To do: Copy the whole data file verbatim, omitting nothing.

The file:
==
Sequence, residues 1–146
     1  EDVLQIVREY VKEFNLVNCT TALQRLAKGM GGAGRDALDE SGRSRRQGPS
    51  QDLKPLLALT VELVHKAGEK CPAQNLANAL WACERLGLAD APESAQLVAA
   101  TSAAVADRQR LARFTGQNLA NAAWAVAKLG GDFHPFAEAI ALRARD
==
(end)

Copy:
Sequence, residues 1–146
     1  EDVLQIVREY VKEFNLVNCT TALQRLAKGM GGAGRDALDE SGRSRRQGPS
    51  QDLKPLLALT VELVHKAGEK CPAQNLANAL WACERLGLAD APESAQLVAA
   101  TSAAVADRQR LARFTGQNLA NAAWAVAKLG GDFHPFAEAI ALRARD